Scientists want to know about plasmoids because these structures can pull charged particles out of a planet’s atmosphere and fling them into space. And if you change a planet’s atmosphere, you change the planet itself. And Uranus’ situation is particularly complicated because the planet rotates on its side and its magnetic field is skewed from both that axis and the plane all the planets lie in.
Because Voyager 2 flew straight through this plasmoid, scientists could use the archived data to measure the structure, which they believe was about 250,000 miles (400,000 kilometers) across and could have stretched 127,000 miles (204,000 km) long, according to a NASA statement.
Ideally, scientists would piece together more observations of Uranus’ magnetic field, enough to better understand how this phenomenon has shaped the planet over time. But that will require another spacecraft visit the strange sideways world.
The research is described in a paper published in August in the journal Geophysical Review Letters. NASA announced the finding on Wednesday (March 25).
March 24, 2020: No one knows how big the icy core of Comet ATLAS (C/2019 Y4) might be–possibly no wider than a few kilometers. One thing’s for sure, though, the comet’s atmosphere is huge. New images from amateur astronomers around the world show that ATLAS’s gaseous envelope has ballooned in diameter to ~720,000 km–about half as wide as the sun.
“Comet ATLAS’s coma (atmosphere) is approximately 15 arcminutes in diameter,” reports Michael Jäger of Weißenkirchen, Austria, who took the picture, above, on March 18th. “Its newly-formed tail is about the same size.”
Other astronomers are getting similar results. 15 arcminutes = a quarter of a degree. Given Comet ATLAS’s distance of 1.1 AU on March 18th, that angle corresponds to a physical size of 720,000 km.
On the scale of big things in the solar system, Comet ATLAS falls somewhere between the sun (1,392,000 km diameter) and Jupiter (139,820 km). It’s not unusual for comets to grow so large. While their icy solid cores are typically mere kilometers in diameter, they can spew prodigious amounts of gas and dust into space, filling enormous volumes. In the fall of 2007, Comet 17P/Holmes partially exploded and, for a while, had an atmosphere even larger than the sun. The Great Comet of 1811 also had a sun-sized coma. Whether Comet ATLAS will eventually rival those behemoths of the past remains to be seen.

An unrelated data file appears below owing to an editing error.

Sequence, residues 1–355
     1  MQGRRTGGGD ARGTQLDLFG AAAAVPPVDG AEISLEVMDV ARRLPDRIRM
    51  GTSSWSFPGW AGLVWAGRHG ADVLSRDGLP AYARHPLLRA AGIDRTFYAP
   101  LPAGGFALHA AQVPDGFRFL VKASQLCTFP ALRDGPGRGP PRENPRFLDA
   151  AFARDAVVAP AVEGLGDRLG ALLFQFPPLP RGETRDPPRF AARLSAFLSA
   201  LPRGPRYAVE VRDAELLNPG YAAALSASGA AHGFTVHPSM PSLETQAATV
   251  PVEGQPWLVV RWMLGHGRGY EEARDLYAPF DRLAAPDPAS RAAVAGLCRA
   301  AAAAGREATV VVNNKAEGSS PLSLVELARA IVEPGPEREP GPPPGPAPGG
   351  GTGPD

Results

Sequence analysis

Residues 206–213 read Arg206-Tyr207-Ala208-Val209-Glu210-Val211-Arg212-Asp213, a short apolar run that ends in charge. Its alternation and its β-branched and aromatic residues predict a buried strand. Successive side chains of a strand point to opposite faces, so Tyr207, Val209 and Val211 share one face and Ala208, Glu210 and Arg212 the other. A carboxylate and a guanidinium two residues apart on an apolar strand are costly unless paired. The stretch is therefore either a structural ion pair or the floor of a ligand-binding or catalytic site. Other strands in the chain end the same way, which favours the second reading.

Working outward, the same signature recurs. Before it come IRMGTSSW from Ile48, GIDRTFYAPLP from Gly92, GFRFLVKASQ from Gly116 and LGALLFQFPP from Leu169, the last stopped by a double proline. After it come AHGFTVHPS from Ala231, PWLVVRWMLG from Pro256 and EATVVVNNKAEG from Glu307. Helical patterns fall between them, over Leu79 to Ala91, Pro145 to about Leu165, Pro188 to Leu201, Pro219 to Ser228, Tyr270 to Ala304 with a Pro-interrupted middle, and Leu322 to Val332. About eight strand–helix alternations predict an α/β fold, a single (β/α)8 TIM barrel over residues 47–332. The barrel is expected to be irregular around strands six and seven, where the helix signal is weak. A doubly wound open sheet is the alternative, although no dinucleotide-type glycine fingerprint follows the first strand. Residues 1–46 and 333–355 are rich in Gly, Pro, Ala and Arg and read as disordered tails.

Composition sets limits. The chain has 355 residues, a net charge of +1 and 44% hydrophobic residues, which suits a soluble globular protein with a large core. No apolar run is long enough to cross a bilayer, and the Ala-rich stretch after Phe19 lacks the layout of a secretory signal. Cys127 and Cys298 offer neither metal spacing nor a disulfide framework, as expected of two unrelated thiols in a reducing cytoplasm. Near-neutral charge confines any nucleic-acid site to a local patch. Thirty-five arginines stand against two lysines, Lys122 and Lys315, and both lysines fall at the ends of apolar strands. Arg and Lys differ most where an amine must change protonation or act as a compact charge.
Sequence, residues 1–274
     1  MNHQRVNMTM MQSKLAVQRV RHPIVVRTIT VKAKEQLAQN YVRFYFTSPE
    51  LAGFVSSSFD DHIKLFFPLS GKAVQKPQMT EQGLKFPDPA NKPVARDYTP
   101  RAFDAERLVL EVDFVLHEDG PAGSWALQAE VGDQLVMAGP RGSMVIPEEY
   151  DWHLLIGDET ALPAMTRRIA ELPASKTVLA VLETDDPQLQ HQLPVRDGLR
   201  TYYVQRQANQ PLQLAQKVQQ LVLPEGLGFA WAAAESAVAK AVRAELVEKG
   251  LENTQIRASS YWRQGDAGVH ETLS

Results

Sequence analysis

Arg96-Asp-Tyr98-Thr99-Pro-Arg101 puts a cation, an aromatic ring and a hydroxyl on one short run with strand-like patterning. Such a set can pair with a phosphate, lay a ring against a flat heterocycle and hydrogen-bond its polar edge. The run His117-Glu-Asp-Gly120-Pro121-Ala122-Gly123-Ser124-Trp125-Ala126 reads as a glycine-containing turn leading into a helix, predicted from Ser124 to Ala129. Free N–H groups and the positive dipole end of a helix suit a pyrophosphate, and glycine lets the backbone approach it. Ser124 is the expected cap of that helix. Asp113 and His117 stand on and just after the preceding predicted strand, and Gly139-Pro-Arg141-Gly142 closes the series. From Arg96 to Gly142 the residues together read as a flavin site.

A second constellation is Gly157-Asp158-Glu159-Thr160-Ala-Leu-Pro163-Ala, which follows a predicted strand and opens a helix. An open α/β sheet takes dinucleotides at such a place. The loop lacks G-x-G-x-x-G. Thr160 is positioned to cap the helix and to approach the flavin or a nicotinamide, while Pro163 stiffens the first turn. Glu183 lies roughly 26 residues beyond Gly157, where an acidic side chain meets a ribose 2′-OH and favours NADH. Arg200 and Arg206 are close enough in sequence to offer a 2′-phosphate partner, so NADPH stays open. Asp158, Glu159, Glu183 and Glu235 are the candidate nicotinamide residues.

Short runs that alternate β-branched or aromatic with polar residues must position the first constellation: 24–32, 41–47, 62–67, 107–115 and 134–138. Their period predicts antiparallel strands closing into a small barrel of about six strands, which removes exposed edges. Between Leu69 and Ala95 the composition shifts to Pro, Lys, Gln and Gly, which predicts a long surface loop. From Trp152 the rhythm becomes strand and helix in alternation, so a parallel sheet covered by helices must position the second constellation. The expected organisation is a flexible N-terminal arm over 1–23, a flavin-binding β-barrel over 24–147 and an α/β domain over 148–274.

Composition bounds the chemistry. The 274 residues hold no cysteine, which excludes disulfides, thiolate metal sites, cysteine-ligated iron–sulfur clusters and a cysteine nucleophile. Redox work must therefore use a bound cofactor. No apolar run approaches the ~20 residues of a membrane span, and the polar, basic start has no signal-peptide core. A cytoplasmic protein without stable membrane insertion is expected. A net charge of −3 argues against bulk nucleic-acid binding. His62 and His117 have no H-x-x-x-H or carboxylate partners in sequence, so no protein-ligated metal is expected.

Right now, Comet ATLAS is certainly the biggest green thing in the Solar System. Its verdant hue comes from diatomic carbon, C2, a molecule commonly found in comets. Gaseous C2 emits a beautiful green glow in the near-vacuum of space.
Currently, Comet ATLAS is shining like an 8th magnitude star–invisible to the unaided eye but an easy target for backyard telescopes. The comet is brightening rapidly as it comes closer to Earth and the sun. By late May it could rival Venus in the evening twilight sky. Stay tuned!
Are we in danger of being erased from the universe? Here we look at the factors that could doom humanity: natural disasters, human-triggered cataclysms, willful self-destruction, and greater forces directed against us.
We’ve had a good run of it. In the 500,000 years Homo sapiens has roamed the land we’ve built cities, created complex languages, and sent robotic scouts to other planets. It’s difficult to imagine it all coming to an end. Yet 99 percent of all species that ever lived have gone extinct, including every one of our hominid ancestors. In 1983, British cosmologist Brandon Carter framed the “Doomsday argument,” a statistical way to judge when we might join them. If humans were to survive a long time and spread through the galaxy, then the total number of people who will ever live might number in the trillions. By pure odds, it’s unlikely that we would be among the very first hundredth of a percent of all those people. Or turn the argument around: How likely is it that this generation will be the one unlucky one? Something like one fifth of all the people who have ever lived are alive today. The odds of being one of the people to witness doomsday are highest when there is the largest number of witnesses around—so now is not such an improbable time.